Still, I try to be a girl about pop culture, so I flipped through the pages of a special issue a few months ago when my favorite Borders was sadly closing its doors. I don’t know if it’s impressive or bewildering that King editors never seem to have a problem finding a new lineup of models willing to spread ‘em for the visual enjoyment of their readers. But hey, if you believe your calling is to be the reason why dudes keep a jar of Vaseline and a roll of tissue by their beds, more power to ya.

In between all the posing and pouting going on on those pages, I also noticed an odd cultural phenomenon. Not a single one of those women was just Black. Plain ol’ regular, everyday Black, four or five generations removed from their last white relative. Instead, those girls got real creative with their heritage—which, for some reason, was listed along with the rest of their stats like hometown and body measurements. A quick look at one model’s beautiful chocolatey complexion and ample lips, and I naturally knew she was a sista. But when I skimmed the details about her, she listed her heritage as Irish, Native American, Jamaican and oh yeah, African-American.

If ever you could slap a magazine page and have the person on the other side feel it, that’s what I wanted to do. I shouted her a mental holler: Girl, you are Black. B-l-a-c-k. You needed one line to sum up that information. Get real.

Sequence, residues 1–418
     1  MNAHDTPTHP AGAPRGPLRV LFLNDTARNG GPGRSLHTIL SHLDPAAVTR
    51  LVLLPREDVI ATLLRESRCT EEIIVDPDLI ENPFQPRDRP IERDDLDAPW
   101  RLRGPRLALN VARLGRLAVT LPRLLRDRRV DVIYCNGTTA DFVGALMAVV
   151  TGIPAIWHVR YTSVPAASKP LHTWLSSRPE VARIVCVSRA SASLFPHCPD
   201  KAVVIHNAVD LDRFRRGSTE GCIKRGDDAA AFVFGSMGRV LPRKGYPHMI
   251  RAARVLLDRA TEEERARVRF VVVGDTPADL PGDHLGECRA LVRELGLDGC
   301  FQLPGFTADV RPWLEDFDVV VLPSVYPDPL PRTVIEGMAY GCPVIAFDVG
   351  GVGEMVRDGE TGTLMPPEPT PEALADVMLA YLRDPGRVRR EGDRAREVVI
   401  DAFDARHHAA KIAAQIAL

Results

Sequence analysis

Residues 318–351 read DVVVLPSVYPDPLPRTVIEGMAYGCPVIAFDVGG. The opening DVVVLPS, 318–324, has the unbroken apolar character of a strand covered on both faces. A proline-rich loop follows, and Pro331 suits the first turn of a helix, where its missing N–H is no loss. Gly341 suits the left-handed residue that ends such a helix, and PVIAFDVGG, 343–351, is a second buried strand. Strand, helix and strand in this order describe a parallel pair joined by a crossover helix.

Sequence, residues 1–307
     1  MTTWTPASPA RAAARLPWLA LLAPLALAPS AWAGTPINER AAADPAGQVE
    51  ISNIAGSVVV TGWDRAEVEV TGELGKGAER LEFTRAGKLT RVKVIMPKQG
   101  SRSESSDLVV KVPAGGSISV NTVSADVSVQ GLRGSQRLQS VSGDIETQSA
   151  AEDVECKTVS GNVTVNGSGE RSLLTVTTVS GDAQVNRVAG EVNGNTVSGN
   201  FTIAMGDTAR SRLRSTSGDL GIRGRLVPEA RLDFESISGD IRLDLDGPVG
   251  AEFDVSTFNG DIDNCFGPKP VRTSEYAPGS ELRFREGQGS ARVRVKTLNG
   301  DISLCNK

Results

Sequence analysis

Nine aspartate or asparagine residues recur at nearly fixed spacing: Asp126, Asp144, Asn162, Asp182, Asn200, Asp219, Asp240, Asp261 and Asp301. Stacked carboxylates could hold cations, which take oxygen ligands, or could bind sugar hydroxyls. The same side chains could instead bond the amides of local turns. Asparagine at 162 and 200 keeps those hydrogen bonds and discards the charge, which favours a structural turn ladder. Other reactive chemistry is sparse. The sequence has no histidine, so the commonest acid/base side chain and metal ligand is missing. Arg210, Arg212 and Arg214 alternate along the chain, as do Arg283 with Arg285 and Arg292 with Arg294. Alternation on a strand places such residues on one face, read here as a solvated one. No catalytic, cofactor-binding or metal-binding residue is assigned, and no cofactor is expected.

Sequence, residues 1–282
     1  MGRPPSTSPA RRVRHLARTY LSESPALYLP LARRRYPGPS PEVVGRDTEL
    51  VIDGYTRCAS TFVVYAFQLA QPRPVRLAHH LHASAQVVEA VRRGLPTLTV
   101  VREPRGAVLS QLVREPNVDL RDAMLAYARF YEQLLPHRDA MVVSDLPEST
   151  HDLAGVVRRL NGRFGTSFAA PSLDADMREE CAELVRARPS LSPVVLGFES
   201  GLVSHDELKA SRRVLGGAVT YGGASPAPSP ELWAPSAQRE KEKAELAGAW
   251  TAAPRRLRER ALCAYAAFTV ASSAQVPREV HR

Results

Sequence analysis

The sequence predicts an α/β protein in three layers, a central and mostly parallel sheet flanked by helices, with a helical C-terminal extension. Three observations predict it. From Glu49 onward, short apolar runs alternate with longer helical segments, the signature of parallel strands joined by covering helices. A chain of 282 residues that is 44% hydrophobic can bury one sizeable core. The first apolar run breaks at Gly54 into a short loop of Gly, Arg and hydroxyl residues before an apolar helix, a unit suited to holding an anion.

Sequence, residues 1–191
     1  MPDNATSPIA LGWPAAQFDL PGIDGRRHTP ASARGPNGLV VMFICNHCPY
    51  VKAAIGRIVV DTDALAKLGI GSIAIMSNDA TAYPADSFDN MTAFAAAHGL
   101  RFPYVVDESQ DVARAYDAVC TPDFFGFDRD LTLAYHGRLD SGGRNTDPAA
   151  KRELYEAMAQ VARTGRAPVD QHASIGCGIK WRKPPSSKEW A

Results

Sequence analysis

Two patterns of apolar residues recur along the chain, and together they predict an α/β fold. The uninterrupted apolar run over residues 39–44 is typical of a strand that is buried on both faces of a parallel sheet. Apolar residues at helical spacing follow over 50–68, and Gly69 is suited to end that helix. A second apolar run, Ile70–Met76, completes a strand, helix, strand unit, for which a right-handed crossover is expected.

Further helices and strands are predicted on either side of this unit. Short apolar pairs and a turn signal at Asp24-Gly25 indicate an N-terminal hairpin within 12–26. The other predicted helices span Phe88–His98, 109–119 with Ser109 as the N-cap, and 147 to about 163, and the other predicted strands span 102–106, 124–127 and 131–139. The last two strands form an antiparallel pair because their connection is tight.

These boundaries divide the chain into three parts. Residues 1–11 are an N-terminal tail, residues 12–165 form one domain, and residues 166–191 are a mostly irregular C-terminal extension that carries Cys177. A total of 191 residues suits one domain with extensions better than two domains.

Everybody else followed suit. For the rest of the pages, they were Black and Welsh. Black and all kinds of Latino. And everybody got Indian in their family, ‘cause Cherokee was shouted out more times than a few. I mean, as many folks who’ve traced back to their Cherokee roots you would think that tribe started out 30 million deep. Can somebody please at least get creative and say they’re Sioux? Or Choctaw? Ease up on all the Cherokee-ing and surprise me a little bit.

It’s a real pity when what you are isn’t what you think is good enough. If we all shake down our family trees, we’re guaranteed to find a surprise or two hidden there, especially since most of our families survived the dark days of enslavement. But when being Black in and of itself isn’t the one thing a woman can hold up and be proud of, it makes me wish Black Cards were real. Because I’d be rolling on folks and ripping them suckas up, having them revoked and stomping them bad boys out. Being Black isn’t an accessory to a glamorous concoction and it’s bigger than being touted to add a touch of street cred. It’s a full experience. So experience it, already.

  • Guest

    Should be many posts on this article.

  • Guest

    Not to mention the many posts that should follow from people who are “immediately biracial/multiracial” who will come in here and complain about “Why can’t people be free to acknowledge their many races blah blah” when this article is NOT referring to them!

  • trace21